Short Report - Special Collection: COVID-19

Home delivery of medication during Coronavirus disease 2019, Cape Town, South Africa: Short report

Zameer Brey, Robert Mash, Charlyn Goliath, Darrin Roman
African Journal of Primary Health Care & Family Medicine | Vol 12, No 1 | a2449 | DOI: | © 2020 Zameer Brey, Robert Mash, Charlyn Goliath, Darrin Roman | This work is licensed under CC Attribution 4.0
Submitted: 14 April 2020 | Published: 04 June 2020

About the author(s)

Zameer Brey, Bill and Melinda Gates Foundation, Cape Town, South Africa
Robert Mash, Division of Family Medicine and Primary Care, Faculty of Medicine and Health Sciences, Stellenbosch University, Cape Town, South Africa
Charlyn Goliath, Metropolitan Health Services, Western Cape Government, Cape Town, South Africa
Darrin Roman, Metropolitan Health Services, Western Cape Government, Cape Town, South Africa

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The public sector primary care facilities in Cape Town serve a large number of patients with chronic diseases such as human immunodeficiency virus, tuberculosis, diabetes, hypertension, asthma and chronic obstructive pulmonary disease. Prior to the Coronavirus disease 2019 (COVID-19) epidemic, stable patients with chronic conditions attended the facility or support groups to obtain their medication. During the COVID-19 epidemic, these patients would be put at risk if they had to travel and gather in groups to receive medication. The Metropolitan Health Services, therefore, decided to offer home delivery of medication. A system of home delivery was rapidly established by linking the existing chronic dispensing unit system with the emerging approach to community-orientated primary care in the Metro. Medication was delivered as usual to primary care pharmacies, but then a variety of means were used to disseminate the parcels to local non-profit organisations, where they could be delivered by a city-wide network of community health workers (CHWs). Innovations included various ways of delivering the parcels, including via Uber, bicycles and electric scooters, as well as Google forms to monitor the success of the initiative. It was estimated that up to 200 000 parcels per month could be delivered in this way via 2500 CHWs. The new system was established throughout the Metropole, and its strengths, weaknesses, opportunities and threats are further discussed. The initiative may prevent COVID-19 amongst people with comorbidities who would be at risk of more severe diseases. It may also have de-congested primary care facilities ahead of the expected surge in COVID-19 cases.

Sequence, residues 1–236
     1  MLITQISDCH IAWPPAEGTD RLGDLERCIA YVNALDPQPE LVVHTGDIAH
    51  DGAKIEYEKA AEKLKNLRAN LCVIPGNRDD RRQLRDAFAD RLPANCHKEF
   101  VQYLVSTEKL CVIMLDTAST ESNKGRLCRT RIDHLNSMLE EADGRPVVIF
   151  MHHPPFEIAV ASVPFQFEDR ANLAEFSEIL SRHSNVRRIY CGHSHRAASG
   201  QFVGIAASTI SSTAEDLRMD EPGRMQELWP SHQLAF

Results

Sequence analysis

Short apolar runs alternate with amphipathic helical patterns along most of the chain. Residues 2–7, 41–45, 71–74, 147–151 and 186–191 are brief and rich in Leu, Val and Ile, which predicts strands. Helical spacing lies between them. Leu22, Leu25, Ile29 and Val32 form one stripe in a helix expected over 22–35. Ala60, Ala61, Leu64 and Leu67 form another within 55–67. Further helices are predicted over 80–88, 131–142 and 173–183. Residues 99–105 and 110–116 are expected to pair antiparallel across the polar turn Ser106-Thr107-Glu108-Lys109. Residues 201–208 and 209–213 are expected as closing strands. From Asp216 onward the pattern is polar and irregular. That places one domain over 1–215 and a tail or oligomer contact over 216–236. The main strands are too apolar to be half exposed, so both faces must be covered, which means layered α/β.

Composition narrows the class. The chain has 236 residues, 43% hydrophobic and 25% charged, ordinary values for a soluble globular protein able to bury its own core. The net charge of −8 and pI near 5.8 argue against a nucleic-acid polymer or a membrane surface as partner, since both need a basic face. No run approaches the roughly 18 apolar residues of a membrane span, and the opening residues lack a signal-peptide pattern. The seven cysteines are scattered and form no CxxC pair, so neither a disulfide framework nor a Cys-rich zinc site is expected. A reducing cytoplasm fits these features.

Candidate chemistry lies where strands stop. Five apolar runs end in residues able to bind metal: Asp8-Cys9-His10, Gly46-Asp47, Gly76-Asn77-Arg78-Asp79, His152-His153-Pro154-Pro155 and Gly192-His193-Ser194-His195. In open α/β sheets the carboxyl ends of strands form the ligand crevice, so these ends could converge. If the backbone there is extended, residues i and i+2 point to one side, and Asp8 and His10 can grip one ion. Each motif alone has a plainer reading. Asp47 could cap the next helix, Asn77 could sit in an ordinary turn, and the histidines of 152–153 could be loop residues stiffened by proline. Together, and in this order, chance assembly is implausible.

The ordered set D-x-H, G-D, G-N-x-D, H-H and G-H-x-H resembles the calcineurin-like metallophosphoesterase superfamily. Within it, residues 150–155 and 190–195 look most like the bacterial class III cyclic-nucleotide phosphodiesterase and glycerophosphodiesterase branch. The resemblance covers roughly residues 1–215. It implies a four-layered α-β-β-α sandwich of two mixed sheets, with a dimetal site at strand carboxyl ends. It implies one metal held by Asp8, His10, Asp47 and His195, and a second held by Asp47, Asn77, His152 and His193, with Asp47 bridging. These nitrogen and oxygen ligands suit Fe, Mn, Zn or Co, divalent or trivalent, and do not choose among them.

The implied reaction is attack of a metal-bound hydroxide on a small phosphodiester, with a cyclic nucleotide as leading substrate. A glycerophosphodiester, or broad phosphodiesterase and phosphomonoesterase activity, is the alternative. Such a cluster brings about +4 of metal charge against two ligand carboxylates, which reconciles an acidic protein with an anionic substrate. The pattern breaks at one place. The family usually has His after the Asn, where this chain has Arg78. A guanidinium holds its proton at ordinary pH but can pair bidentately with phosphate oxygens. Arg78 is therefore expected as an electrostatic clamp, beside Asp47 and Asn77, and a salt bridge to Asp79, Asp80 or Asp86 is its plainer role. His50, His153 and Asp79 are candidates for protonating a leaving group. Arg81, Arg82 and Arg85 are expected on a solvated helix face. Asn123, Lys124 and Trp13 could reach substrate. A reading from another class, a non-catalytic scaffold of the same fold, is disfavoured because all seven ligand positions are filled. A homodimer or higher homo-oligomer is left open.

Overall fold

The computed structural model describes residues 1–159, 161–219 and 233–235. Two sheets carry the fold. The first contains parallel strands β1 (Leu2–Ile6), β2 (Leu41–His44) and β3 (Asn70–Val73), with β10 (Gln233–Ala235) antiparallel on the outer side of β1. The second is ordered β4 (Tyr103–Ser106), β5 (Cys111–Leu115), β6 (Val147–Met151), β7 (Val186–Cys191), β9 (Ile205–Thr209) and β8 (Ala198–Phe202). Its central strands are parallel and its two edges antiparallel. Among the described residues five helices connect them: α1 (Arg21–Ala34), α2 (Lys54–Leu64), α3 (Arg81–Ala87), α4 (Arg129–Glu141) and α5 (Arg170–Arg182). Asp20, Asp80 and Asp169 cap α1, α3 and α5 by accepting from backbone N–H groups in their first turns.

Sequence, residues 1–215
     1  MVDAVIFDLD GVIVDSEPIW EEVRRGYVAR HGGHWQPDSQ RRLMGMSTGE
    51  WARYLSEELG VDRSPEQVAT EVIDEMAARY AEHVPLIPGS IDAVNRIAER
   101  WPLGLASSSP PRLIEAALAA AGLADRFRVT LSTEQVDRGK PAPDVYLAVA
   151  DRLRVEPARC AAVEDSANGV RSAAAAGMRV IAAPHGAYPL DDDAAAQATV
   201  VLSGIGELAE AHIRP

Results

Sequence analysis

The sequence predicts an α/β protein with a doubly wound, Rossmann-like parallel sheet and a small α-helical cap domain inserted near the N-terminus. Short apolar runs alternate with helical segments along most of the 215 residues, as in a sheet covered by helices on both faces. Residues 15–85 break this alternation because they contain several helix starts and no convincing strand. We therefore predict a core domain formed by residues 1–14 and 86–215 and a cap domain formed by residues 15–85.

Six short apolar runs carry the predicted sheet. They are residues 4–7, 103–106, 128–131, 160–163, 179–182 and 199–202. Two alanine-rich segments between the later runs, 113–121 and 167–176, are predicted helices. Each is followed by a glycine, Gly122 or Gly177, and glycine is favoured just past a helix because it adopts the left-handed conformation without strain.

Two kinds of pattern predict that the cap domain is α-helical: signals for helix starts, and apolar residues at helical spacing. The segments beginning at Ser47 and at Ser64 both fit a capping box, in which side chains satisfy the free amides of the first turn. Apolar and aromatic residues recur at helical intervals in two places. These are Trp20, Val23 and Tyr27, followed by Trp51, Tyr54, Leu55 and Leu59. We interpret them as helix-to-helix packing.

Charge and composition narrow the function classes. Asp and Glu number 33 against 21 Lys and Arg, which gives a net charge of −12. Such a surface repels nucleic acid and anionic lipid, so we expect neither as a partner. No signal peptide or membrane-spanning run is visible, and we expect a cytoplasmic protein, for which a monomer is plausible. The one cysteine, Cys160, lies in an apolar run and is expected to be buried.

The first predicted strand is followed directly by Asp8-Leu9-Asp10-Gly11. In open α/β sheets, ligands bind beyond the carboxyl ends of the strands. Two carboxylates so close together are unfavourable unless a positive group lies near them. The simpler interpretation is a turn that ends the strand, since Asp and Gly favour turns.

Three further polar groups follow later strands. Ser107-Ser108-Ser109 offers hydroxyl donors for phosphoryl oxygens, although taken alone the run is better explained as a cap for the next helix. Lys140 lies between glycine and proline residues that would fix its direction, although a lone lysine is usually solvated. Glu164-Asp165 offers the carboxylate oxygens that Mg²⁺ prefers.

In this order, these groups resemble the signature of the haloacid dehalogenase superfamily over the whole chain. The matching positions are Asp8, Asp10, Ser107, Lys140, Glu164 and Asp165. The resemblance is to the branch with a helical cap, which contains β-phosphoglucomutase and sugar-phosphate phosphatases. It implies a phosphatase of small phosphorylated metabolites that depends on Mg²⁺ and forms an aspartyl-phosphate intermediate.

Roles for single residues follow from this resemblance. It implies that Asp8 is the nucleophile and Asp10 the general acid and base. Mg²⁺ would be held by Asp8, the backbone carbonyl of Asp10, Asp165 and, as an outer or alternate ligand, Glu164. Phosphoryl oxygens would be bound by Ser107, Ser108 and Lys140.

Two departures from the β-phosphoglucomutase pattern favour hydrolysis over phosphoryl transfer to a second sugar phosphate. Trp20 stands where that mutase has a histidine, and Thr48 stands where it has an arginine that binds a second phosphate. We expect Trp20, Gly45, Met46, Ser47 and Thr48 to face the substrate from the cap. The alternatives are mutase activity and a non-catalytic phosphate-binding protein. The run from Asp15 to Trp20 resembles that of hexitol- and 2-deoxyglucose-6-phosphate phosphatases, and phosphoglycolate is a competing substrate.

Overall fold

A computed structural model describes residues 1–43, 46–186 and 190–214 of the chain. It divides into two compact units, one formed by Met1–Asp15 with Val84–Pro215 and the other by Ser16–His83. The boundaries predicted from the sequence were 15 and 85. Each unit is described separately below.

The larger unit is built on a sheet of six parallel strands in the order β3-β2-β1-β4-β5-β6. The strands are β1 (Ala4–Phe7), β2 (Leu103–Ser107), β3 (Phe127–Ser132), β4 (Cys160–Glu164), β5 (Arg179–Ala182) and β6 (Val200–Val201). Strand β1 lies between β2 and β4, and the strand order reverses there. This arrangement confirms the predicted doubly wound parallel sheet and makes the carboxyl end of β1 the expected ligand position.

primary care; COVID-19; community health workers; chronic disease; medication adherence


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Crossref Citations

1. TB and COVID – Public and private health sectors adapt to a new reality
Joel Shyam Klinton, Charity Oga-Omenka, Petra Heitkamp
Journal of Clinical Tuberculosis and Other Mycobacterial Diseases  vol: 21  first page: 100199  year: 2020  
doi: 10.1016/j.jctube.2020.100199